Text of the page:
Cookies on this website
We use cookies to ensure that we give you the best experience on our website. If you click 'Continue' we'll assume that you are happy to receive all cookies and you won't see this message again. Click 'Find out more' for information on how to change your cookie settings.

BACKGROUND: Conversational agents (also known as chatbots) have evolved in recent decades to become multimodal, multifunctional platforms with potential to automate a diverse range of health-related activities supporting the general public, patients, and physicians. Multiple studies have reported the development of these agents, and recent systematic reviews have described the scope of use of conversational agents in health care. However, there is scarce research on the effectiveness of these systems; thus, their viability and applicability are unclear. OBJECTIVE: The objective of this systematic review is to assess the effectiveness of conversational agents in health care and to identify limitations, adverse events, and areas for future investigation of these agents. METHODS: The Preferred Reporting Items for Systematic Reviews and Meta-Analyses Protocols will be used to structure this protocol. The focus of the systematic review is guided by a population, intervention, comparator, and outcome framework. A systematic search of the PubMed (Medline), EMBASE, CINAHL, and Web of Science databases will be conducted. Two authors will independently screen the titles and abstracts of the identified references and select studies according to the eligibility criteria. Any discrepancies will then be discussed and resolved. Two reviewers will independently extract and validate data from the included studies into a standardized form and conduct quality appraisal. RESULTS: As of January 2020, we have begun a preliminary literature search and piloting of the study selection process. CONCLUSIONS: This systematic review aims to clarify the effectiveness, limitations, and future applications of conversational agents in health care. Our findings may be useful to inform the future development of conversational agents and promote the personalization of patient care. INTERNATIONAL REGISTERED REPORT IDENTIFIER (IRRID): PRR1-10.2196/16934.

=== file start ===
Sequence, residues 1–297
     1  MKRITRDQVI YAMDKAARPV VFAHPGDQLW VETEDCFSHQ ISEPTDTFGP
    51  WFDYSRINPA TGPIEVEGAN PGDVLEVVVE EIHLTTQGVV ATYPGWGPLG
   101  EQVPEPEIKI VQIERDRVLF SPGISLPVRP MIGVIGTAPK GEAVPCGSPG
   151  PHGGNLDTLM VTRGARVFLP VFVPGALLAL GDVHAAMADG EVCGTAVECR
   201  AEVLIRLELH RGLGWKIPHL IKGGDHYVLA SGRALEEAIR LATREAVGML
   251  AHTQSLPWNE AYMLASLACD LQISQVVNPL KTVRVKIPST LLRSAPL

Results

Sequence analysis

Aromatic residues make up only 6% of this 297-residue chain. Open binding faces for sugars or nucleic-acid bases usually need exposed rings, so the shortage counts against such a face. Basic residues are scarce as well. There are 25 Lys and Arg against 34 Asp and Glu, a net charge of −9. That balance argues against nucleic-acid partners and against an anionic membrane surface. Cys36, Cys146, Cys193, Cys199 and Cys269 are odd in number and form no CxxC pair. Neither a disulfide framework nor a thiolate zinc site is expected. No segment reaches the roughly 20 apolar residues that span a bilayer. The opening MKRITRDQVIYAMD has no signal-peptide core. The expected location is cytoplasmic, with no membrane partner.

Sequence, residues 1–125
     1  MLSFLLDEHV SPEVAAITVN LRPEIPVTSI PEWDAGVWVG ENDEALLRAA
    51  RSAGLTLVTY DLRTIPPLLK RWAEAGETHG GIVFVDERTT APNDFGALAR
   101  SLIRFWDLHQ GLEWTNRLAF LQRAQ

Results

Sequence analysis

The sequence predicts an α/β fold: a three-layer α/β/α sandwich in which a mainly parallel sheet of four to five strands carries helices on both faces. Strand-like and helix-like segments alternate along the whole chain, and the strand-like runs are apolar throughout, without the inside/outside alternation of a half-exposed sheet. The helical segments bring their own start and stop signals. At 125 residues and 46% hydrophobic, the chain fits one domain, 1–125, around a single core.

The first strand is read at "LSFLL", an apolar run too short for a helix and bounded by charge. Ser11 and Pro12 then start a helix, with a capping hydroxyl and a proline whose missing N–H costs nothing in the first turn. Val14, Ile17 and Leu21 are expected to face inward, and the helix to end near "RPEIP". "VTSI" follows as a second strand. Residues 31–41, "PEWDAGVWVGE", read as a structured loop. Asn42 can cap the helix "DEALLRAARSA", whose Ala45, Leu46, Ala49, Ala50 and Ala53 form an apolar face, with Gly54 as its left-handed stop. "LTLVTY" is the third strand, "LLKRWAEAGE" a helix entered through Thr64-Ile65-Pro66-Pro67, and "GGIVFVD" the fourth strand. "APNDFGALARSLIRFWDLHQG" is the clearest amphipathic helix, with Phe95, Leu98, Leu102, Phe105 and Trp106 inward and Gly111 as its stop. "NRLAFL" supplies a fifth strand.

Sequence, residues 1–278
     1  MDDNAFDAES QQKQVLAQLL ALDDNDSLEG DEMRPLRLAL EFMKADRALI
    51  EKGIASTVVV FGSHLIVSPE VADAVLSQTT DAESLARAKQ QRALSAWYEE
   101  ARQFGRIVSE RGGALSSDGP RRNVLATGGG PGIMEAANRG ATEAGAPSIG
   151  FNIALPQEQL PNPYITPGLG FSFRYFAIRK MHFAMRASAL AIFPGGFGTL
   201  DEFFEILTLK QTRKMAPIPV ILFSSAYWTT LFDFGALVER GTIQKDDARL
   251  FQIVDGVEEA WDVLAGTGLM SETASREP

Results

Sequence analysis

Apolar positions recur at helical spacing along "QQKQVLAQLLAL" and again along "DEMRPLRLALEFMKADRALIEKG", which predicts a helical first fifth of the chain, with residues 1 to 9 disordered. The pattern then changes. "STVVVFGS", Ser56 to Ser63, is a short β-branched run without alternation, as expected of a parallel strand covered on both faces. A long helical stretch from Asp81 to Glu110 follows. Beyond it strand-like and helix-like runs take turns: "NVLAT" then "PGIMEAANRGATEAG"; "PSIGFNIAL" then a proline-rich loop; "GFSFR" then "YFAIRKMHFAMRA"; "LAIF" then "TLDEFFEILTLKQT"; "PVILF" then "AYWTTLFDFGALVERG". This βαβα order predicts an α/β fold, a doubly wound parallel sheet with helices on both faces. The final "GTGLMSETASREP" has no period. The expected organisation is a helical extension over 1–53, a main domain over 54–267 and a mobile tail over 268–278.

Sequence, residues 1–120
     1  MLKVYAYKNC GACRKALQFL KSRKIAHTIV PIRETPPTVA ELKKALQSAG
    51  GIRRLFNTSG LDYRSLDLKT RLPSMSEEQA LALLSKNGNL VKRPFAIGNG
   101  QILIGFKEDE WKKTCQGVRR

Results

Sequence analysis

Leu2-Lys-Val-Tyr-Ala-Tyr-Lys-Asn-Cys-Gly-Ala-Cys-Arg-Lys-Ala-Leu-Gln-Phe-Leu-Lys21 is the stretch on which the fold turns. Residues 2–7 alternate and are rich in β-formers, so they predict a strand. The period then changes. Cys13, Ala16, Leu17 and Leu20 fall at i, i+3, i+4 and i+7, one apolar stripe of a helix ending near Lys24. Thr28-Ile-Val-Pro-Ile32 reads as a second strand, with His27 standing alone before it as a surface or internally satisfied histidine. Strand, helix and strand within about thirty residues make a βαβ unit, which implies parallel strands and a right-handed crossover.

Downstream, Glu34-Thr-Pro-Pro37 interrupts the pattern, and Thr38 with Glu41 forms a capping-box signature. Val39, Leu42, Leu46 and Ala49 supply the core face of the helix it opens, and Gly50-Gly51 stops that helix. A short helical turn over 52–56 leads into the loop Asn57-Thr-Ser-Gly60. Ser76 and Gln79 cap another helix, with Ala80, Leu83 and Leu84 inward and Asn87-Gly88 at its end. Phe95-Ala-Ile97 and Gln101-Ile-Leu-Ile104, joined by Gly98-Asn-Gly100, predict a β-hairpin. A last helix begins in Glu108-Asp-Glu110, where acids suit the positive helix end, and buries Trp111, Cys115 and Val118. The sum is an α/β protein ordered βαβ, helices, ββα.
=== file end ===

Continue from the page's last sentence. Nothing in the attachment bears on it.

Original publication




Journal article


JMIR Res Protoc

Publication Date





artificial intelligence, avatar, chatbot, conversational agent, digital health, intelligent assistant, speech recognition software, virtual assistant, virtual coach, virtual health care, virtual nursing, voice recognition software